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#general
Title
# general
w

white-ghost-79509

01/24/2019, 8:30 PM
Does anyone know if pulumi supports alb-ingress-controller creation at the moment?
g

gorgeous-egg-16927

01/24/2019, 8:43 PM
We don't have specific library support for it, but from https://kubernetes-sigs.github.io/aws-alb-ingress-controller/guide/controller/setup/ it looks like you could install it with the relevant Helm chart. Note that you'd need to set up the k8s cluster with the prerequisites yourself, either out of band, or with Pulumi.
w

white-balloon-205

01/24/2019, 8:44 PM
We're tracking adding this as a first-class thing in https://github.com/pulumi/pulumi-eks/issues/29. @most-pager-38056 may have a report on how he ended standing it up?
w

white-ghost-79509

01/24/2019, 9:01 PM
Okay, thanks guys. Was hoping to avoid manually setting these up.
m

most-pager-38056

01/25/2019, 12:14 AM
Hello! It was simpler than i thought, actually. We ended up moving back to GKE, but i can share how i did this. Basically, i used the
aws-alb-ingress-controller
chart (thanks to this amazing Pulumi feature!). It looks like this:
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export const albChart = new k8s.helm.v2.Chart(
  'alb-ingress-controller',
  {
    chart: 'aws-alb-ingress-controller',
    values: {
      clusterName: cluster.eksCluster.name,
      autoDiscoverAwsRegion: true,
      autoDiscoverAwsVpcID: true,
    },
    fetchOpts: {
      repo: '<http://storage.googleapis.com/kubernetes-charts-incubator>',
    },
  },
  {
    providers: { kubernetes: cluster.provider },
  },
);
And a policy attachment, as suggested by @white-balloon-205:
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export const albPolicyAttachment = new RolePolicyAttachment(
  'alb-ingress-controller-policy-attachment',
  {
    policyArn:
      'arn:aws:iam::ACCOUNT_ID:policy/AmazonEKSALBIngressControllerPolicy',
    role: cluster.instanceRole,
  },
);
Our policy is not created inside our stack. We were using a single AWS account for both stage/prod environment, so we decided to create the policy manually by using the IAM dashboard. Here is the policy we used: https://raw.githubusercontent.com/kubernetes-sigs/aws-alb-ingress-controller/master/docs/examples/iam-policy.json Now we can create a ingress inside our cluster, that’s how it looks like:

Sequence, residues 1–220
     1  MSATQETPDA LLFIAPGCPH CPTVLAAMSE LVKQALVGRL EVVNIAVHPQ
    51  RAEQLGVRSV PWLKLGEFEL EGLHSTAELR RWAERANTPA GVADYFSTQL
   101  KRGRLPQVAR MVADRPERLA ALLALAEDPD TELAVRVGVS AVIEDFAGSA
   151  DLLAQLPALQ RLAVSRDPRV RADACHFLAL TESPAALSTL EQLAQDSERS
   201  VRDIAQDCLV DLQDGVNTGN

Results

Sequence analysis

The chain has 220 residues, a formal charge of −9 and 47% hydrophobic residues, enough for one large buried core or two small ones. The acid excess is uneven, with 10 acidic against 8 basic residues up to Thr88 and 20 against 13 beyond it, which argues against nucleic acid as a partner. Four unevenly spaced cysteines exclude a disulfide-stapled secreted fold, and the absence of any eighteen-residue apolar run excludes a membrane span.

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export const ingress = new k8s.extensions.v1beta1.Ingress(
  `${appName}-ingress`,
  {
    metadata: {
      annotations: {
        '<http://kubernetes.io/ingress.class|kubernetes.io/ingress.class>': 'alb',
        '<http://alb.ingress.kubernetes.io/scheme|alb.ingress.kubernetes.io/scheme>': 'internet-facing',
        '<http://alb.ingress.kubernetes.io/subnets|alb.ingress.kubernetes.io/subnets>': coreStackReference.outputs.apply(
          outputs => outputs.subnetIds.join(', '),
        ),
        '<http://alb.ingress.kubernetes.io/certificate-arn|alb.ingress.kubernetes.io/certificate-arn>': coreStackReference.outputs.apply(
          outputs => outputs.originCertificateArn,
        ),
      },
    },
    spec: {
      // ingress spec...
    },
  },
  {
    provider: cluster.provider,
  },
);
Notice that both origin certificate ARN and subnet ids should be specified, so the ALB can map the nodes to the load balancer. We decided to use the concept of a “core-stack” (with vpc, ssl certificates, etc) to avoid recreating these resources in every stack we wanted to use ALB. That’s it. 🙂
👍 3